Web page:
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Localization from the Perspective of Translation Studies: Overlaps in the Digital Divide?

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Abstract

From the perspective of Translation Studies, localisation processes appear to overlook the full range of effects that can be achieved by translations, at the same time as they offer little that is radically different from a dynamic view of translation practices. Here it is argued that discourses on localisation nevertheless offer a substantially new view of cross-cultural communication. This is mainly because of the central role of internationalisation, which builds on a concept of artificial equivalence in order to centralise decision-making power in a professional interculture, understood as a place created in the overlaps of primary cultures. A brief survey is offered of the ways in which the findings of Translation Studies might help one understand not just the linguistic aspects of localisation, but also the power of localisation to influence the development of languages and cultures. It is argued that complete localisation, of the kind that makes the foreign appear domestic, risks locking cultures into passive consuming positions. Better localisation might use the full resources of translation and non-translation in order to allow consumers eventually to become producers.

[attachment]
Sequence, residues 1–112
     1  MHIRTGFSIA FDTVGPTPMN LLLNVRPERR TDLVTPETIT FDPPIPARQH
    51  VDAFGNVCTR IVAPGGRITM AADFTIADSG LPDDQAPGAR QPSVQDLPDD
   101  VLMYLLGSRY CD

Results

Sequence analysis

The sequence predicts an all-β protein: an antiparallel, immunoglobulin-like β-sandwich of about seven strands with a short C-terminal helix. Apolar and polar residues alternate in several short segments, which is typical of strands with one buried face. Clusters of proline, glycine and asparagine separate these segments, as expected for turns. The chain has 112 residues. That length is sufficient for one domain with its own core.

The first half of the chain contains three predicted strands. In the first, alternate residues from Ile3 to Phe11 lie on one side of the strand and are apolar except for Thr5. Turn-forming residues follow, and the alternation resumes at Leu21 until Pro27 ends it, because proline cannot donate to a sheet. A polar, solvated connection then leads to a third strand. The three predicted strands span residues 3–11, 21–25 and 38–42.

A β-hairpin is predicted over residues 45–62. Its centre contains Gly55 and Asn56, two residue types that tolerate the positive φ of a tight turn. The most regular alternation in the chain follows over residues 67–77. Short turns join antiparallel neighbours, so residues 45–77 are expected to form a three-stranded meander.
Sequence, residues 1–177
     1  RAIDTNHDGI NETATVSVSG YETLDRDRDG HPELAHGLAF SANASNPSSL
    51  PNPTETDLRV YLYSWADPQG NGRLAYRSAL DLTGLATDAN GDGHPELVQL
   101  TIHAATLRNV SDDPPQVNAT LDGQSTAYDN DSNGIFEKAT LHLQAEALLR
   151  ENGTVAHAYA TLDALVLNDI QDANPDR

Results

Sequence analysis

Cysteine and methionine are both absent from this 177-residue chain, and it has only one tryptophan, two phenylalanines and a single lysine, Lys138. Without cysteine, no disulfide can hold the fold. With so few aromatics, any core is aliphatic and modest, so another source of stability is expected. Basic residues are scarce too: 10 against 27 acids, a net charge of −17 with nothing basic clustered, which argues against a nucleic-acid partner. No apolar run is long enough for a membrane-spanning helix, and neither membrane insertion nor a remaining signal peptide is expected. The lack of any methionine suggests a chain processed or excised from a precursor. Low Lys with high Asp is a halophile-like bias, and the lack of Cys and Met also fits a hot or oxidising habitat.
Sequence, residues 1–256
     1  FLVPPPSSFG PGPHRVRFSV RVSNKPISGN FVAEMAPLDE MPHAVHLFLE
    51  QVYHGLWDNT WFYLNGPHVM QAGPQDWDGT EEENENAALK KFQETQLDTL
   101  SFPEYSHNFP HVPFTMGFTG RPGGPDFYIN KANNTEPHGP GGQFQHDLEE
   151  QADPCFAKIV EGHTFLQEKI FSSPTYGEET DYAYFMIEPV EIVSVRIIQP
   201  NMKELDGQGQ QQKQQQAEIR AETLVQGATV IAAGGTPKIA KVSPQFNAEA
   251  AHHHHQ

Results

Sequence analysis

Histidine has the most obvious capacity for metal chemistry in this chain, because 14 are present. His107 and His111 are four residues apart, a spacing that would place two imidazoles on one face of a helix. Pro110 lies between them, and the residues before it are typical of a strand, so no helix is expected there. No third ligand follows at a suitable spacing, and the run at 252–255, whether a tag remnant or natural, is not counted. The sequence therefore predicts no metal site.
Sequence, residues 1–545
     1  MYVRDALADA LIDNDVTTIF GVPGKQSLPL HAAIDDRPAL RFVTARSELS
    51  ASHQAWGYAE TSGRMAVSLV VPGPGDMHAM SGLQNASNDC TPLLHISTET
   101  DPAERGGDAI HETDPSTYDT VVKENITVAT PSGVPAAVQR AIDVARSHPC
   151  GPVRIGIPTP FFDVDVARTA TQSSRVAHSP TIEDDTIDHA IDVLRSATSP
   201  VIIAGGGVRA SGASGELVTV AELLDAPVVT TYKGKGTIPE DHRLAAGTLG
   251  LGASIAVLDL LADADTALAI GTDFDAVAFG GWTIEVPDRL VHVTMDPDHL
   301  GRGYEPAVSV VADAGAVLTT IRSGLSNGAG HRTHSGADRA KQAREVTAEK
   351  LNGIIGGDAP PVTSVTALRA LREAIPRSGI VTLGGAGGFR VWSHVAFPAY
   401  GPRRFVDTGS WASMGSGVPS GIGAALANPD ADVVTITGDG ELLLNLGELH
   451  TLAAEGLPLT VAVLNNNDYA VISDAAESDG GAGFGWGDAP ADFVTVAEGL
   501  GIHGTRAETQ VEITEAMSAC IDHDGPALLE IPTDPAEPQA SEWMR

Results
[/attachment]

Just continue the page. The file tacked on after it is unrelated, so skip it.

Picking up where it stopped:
Localization from the Perspective of Translation Studies: Overlaps in the Digital
Divide?
Anthony Pym
Intercultural Studies Group
Universitat Rovira i Virgili
Tarragona, Spain
http://www.fut.es/~apym/
Abstract. From the perspective of Translation Studies, localisation processes appear to overlook the full
range of effects that can be achieved by translations, at the same time as they offer little that is radically
different from a dynamic view of translation practices. Here it is argued that discourses on localisation
nevertheless offer a substantially new view of cross-cultural communication. This is mainly because of
the central role of internationalisation, which builds on a concept of artificial equivalence in order to